Kubernetes vs. Swarm: Which Container Orchestrator is Best for You?

Kubernetes and Docker Swarm have both evolved into great clustering and container orchestration tools. But there’s a lot of debate about which one is best for managing your data center and containers. We don’t have the definitive answer, but to help you decide, we offer below a comparison of Kubernetes and Swarm as orchestration platforms.

Here’s a table that compares the major features of Kubernetes and Swarm:

Kubernetes

Swarm

Free and open source?

Yes.

Yes.

Integration with native Docker tools?

No. Because Kubernetes uses third-party tools like etcd for part of its operations, it doesn’t interface directly with Docker tools such as Compose.

Yes. Designed by Docker, Swarm hooks directly into the Docker API. You can use all of Docker’s native tools with it.

Setup process

Fairly involved and varies by platform. That means more configurability, but also more hassle for some DevOps teams. Fortunately, setting up Kubernetes on most common systems is well documented.

Pretty simple. You basically just create a discovery service, then run your Swarm containers. The process is the same on all platforms. Easy, but not necessarily as powerful as Kubernetes.

Container deployment

Usually achieved via Kubernetes’s Deployment tool. It’s straightforward to use – but it’s different from the Docker YAML configurations you know and love if you’ve been using Docker for a while already.

Usually done directly from the Docker CLI or through Docker Compose. That’s great if you’re dealing with Docker containers, but maybe not so great if you don’t want to be locked in to Docker’s toolset.

Networking and persistent data storage

Well supported via flannel and Persistent Volumes.

Before Docker 1.9, not well integrated. More recent Docker releases support flannel and multi-host-networking, and you can use Docker Data Volumes for persistent storage.

You will probably notice two general themes that run throughout that table and differentiate Kubernetes and Swarm. One is ease of use. The other is the level of integration with Docker’s native toolset — as opposed to the software stack used by alternative container platforms, like CoreOS.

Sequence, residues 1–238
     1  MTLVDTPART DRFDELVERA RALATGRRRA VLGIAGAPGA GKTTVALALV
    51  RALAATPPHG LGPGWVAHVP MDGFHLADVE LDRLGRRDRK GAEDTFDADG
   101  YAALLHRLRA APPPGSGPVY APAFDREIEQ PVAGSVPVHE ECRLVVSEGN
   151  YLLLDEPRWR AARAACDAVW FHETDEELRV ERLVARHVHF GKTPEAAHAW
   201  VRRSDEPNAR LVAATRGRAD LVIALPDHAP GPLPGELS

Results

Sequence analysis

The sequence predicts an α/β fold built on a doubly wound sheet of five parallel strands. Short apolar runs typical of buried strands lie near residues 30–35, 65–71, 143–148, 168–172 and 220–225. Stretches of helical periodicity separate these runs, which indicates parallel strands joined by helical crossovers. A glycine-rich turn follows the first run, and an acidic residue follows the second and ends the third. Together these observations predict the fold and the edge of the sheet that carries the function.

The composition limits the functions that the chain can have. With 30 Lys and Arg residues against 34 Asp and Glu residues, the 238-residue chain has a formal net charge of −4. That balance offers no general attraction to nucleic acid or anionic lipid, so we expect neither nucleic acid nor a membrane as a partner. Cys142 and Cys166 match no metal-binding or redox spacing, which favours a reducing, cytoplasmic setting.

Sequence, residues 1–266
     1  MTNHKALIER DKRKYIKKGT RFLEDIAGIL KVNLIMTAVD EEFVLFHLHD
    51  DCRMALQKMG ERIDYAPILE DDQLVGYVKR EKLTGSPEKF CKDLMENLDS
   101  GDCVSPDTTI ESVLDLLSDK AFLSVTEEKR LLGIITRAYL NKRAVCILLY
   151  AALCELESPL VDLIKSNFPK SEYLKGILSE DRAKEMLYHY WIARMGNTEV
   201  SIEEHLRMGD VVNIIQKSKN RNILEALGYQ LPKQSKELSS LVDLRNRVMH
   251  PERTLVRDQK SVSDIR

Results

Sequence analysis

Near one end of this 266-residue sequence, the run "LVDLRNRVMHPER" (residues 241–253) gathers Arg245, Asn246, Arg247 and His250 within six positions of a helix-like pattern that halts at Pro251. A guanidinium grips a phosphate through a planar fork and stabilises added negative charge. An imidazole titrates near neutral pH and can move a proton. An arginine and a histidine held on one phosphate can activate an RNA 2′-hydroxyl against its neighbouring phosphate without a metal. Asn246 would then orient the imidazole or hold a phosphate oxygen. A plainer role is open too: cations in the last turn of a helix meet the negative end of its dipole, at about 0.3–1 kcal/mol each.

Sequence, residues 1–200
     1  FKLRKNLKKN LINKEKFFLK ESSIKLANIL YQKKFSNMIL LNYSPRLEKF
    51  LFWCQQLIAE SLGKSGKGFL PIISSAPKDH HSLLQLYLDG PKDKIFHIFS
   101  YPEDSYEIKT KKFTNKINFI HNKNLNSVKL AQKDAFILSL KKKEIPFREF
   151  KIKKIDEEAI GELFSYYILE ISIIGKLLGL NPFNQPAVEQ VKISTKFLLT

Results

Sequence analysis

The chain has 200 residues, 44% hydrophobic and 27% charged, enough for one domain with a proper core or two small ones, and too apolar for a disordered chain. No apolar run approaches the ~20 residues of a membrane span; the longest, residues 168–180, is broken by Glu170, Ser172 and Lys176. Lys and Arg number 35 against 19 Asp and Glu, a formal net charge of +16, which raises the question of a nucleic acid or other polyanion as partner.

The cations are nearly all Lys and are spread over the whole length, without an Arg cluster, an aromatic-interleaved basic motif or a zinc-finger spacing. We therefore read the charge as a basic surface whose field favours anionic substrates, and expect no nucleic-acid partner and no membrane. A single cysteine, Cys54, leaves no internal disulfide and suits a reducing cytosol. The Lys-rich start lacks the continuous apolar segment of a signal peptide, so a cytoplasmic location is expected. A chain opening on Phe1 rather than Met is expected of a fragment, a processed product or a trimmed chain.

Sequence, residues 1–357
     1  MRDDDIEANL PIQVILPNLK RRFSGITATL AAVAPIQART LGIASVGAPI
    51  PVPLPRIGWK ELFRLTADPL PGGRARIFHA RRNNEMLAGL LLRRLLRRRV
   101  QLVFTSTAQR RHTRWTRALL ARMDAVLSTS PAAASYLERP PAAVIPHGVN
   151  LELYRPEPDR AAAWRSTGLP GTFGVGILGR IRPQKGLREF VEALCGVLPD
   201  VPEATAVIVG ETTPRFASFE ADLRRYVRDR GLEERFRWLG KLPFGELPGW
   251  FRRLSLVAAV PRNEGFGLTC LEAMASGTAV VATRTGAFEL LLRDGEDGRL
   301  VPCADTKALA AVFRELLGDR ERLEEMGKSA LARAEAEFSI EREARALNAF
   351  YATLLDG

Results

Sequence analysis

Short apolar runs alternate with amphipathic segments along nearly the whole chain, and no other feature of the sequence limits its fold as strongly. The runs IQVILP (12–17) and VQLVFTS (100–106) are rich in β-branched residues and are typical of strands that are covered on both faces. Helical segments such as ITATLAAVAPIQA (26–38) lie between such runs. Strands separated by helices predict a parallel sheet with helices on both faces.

Generally speaking, Kubernetes is less simple than Swarm to set up. That reflects the greater power and flexibility you get from Kubernetes. If you like having the ability to use different tools and configure things endlessly, Kubernetes is for you. If, on the other hand, you just want to get your containers up and running quickly and with minimum hassle, Swarm will appeal.

Kubernetes is also less tightly bound to particular toolsets. That makes it different from Swarm, which basically requires users to use Docker’s tools. Here again, if you want to build your data center using a variety of different components, stick with Kubernetes, which lets you use parts of the CoreOS stack alongside elements of Docker’s. But if you are already invested in Docker’s tools and configuration formats, and you are sure you want to stick with them, then stick with Swarm.

Christopher Tozzi

Christopher Tozzi

Christopher Tozzi has covered technology and business news for nearly a decade, specializing in open source, containers, big data, networking and security. He is currently Senior Editor and DevOps Analyst with Fixate.io and Sweetcode.io.

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